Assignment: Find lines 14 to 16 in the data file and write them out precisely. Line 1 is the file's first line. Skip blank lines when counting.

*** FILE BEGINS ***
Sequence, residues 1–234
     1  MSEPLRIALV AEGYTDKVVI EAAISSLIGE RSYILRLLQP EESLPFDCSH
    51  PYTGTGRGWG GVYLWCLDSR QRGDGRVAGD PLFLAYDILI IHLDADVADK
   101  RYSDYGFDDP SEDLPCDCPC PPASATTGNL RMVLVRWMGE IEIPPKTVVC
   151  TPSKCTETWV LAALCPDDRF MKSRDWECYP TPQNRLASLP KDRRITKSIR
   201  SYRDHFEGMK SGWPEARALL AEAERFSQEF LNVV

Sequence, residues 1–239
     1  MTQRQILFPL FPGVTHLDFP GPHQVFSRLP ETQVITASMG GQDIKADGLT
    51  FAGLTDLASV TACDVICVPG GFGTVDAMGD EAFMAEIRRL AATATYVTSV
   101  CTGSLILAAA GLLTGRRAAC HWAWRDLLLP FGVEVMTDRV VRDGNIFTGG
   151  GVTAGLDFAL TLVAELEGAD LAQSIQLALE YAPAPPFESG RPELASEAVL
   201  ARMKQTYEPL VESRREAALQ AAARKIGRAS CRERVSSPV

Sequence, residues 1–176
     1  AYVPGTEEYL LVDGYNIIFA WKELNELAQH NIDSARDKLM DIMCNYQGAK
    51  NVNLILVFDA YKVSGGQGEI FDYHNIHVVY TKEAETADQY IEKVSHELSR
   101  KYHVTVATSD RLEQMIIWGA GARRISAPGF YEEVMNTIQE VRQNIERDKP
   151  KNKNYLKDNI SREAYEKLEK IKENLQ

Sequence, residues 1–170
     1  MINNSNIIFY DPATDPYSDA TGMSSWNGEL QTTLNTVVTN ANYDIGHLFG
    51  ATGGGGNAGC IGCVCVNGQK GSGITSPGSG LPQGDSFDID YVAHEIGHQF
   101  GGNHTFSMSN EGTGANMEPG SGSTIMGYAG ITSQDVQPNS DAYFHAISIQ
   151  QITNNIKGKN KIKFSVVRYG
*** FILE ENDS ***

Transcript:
     1  AYVPGTEEYL LVDGYNIIFA WKELNELAQH NIDSARDKLM DIMCNYQGAK
    51  NVNLILVFDA YKVSGGQGEI FDYHNIHVVY TKEAETADQY IEKVSHELSR
   101  KYHVTVATSD RLEQMIIWGA GARRISAPGF YEEVMNTIQE VRQNIERDKP